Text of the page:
I estimate it about here. So now I have to go to work and say if I wanted it that deep

on the ground plane I draw back to my left side and meet that back corner. So now that’s

that back corner, front corner, front corner. Drop. So now we can find some common places

where we can drop these angles and get some reference points working on this one. Carry

it over. Re-create that curve on the far side back here. So let’s do some of that.

The logic is we have the back one already dropped here from here, making the corner.

We could say, okay, that one meets there. That’s an obvious one. We have this one.

We can drop that to the ground. That also meets the curve at another place to come down

to the ground. We have that point too. A little point dropping to the ground. And it’s a

pretty simple shape so let’s say we only need, I don’t know, one more reference,

something dropping to the ground about here, there, making that mark. Now, we’ve got

one, two, three, four points plus the fifth here on the ground, so a total of five. Let

me get a sharper pencil. Now we’re going to drive these points, drop to the ground

here all the way back. We already know we have this point here. We know we have this

back point over here. We’ll drop the other two over on the ground from here.

Going over, making a mark here.

Also from over here—

right there, coming over and making a mark back here.

Now we can make some verticals from that back wall to catch these points, draw

them over. Hitting those verticals. We’ll be able to reference the shape again. I’ll

just make a quick verticals off those points here.

Going up a certain degree and the one in the back.

So now I want to follow that logic and this logic. Let’s take this last one. We dropped

on the curve here, and we drop to the back. We can take it back to the right vanishing

point. Shuttle it back. Line that one up.

So now I find a point right here because what

I’ve done is I’ve taken this idea, dropped to the ground, come here, hit this kind of

up the same height, made a reference plane there. That’s why I know that point is there

from this back corner on the ground. So this is here over here. I’ll take this point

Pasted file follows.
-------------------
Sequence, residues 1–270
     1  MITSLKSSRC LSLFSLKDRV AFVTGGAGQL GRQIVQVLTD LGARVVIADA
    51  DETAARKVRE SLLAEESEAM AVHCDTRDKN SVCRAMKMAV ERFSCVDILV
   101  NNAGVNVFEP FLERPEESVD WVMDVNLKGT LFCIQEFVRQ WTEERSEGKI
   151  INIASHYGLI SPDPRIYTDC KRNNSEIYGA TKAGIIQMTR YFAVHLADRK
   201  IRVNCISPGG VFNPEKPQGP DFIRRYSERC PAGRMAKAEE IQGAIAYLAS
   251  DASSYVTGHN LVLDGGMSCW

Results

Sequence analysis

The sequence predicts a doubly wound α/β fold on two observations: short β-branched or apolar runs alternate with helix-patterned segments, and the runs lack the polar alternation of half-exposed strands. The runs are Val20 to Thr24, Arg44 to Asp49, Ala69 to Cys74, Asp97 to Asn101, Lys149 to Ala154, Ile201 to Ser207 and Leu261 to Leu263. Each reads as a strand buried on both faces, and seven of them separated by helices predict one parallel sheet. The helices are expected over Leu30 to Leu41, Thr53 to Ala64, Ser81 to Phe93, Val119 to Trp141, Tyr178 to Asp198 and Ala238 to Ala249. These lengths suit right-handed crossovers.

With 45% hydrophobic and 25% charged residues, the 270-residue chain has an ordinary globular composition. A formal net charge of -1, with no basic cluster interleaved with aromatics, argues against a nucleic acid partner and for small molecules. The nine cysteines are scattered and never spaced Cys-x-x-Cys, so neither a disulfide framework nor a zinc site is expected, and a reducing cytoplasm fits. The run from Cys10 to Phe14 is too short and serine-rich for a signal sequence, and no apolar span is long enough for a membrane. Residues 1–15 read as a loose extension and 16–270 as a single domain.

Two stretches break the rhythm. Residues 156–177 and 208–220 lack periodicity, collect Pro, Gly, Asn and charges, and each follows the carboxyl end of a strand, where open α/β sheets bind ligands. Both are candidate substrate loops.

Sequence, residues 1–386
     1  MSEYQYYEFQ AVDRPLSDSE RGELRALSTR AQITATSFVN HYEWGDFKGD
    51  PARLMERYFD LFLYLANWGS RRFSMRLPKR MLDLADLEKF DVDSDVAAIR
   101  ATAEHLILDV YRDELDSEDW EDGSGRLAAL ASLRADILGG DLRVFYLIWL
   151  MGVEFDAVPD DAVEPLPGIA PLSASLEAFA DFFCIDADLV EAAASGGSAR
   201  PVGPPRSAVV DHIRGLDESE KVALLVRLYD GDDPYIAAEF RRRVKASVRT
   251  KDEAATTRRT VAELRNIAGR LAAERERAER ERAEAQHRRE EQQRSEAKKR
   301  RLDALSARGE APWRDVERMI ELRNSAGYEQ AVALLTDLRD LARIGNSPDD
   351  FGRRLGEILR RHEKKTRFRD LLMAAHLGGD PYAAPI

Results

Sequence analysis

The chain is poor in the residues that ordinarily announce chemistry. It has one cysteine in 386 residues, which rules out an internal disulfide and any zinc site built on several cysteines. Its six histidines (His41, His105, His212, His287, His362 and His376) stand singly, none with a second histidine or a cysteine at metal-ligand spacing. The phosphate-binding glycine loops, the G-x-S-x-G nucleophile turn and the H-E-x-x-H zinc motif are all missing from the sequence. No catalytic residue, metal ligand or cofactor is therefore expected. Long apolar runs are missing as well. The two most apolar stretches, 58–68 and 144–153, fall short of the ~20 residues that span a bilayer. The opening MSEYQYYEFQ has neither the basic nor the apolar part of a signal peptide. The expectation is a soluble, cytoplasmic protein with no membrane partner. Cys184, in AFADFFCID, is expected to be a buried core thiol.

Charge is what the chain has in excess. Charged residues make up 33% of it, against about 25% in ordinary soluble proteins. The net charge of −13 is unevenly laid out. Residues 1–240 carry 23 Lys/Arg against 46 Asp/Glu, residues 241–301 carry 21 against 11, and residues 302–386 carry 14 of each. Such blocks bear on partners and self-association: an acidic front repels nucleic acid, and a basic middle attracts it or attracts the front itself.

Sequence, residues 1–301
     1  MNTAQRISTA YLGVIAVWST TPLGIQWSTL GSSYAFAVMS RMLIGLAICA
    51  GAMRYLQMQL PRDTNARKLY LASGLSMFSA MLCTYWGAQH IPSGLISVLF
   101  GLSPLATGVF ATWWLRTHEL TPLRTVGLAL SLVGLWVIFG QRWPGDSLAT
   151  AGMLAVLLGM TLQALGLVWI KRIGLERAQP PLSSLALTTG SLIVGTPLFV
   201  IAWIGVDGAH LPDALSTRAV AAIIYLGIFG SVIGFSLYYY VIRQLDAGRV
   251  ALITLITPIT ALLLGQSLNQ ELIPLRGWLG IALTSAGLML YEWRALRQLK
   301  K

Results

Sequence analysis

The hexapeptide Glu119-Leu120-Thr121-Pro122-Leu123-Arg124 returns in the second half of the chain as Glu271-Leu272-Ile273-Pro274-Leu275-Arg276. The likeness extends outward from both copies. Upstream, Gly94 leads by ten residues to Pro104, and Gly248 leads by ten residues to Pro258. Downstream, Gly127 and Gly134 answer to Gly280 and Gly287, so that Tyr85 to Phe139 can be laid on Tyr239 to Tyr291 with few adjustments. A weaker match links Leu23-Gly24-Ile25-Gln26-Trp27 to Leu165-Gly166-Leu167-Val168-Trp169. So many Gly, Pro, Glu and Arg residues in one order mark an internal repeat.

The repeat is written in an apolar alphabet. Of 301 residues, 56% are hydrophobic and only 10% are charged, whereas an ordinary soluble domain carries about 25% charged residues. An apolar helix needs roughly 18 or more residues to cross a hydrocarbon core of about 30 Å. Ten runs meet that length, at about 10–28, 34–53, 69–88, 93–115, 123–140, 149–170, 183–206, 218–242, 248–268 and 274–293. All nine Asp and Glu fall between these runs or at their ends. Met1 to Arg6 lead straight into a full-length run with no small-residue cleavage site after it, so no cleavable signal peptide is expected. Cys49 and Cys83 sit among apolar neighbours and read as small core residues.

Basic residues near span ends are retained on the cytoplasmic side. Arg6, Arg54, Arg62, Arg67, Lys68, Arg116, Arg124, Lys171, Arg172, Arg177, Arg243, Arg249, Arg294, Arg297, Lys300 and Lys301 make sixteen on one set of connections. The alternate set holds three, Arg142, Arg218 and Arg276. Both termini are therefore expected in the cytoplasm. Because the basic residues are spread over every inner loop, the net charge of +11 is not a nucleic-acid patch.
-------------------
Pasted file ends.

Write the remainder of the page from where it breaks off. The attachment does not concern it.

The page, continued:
which contains this one and this one. I’ll drop that over. I’m going to carry that

lower one over to the right vanishing point. Okay, right there. Going right to the vanishing

point there. Carry that one over. It’s going to hit right there.

Also, this one now up here is going to drive over there and hit that same plane. So there’s that corner

back there, this point back here. I’ve got to get this one now. That drops over, goes

up, and goes up here. We drive across from that one. And that ends up right there. A

little arrow right there on that plane.

Now we have our one, two, three, four, five. I should be able to draw the same nature of

this curve here a little bit. That one comes through about like that. This one comes up

a little so it’s coming up through there a little. It comes back down and straightens

out about there. And then this one curves down at that point like this. So that’s

a start of a clue how that looks so we’ll come around.

Back side of that.

Go through there, clean that up. Come around the side, slowly rise up like that.

Okay, so now we’re getting—

edge that out a little more curvaceously. Again, I don’t want to get that one too

dark. You have a seam to draw in front so I’ll tap that back a little. We’re getting

the idea here. So this shape brought back in perspective this far. Moving across the

cone of vision. It would look basically like that to match that.

Now we can kind of close that shape out there

real dark start getting a feeling for how it would look.

Alright, and this one looks like it would hit from there so we’d actually darken that one in

before it went below. Then we’ll just leave that up there. So now we’ve got everything

kind of accented as we need it. Now we have to consider the second part. We’ve got these

shapes working now. Now we get it. I’ll make it a little darker back here to the intersection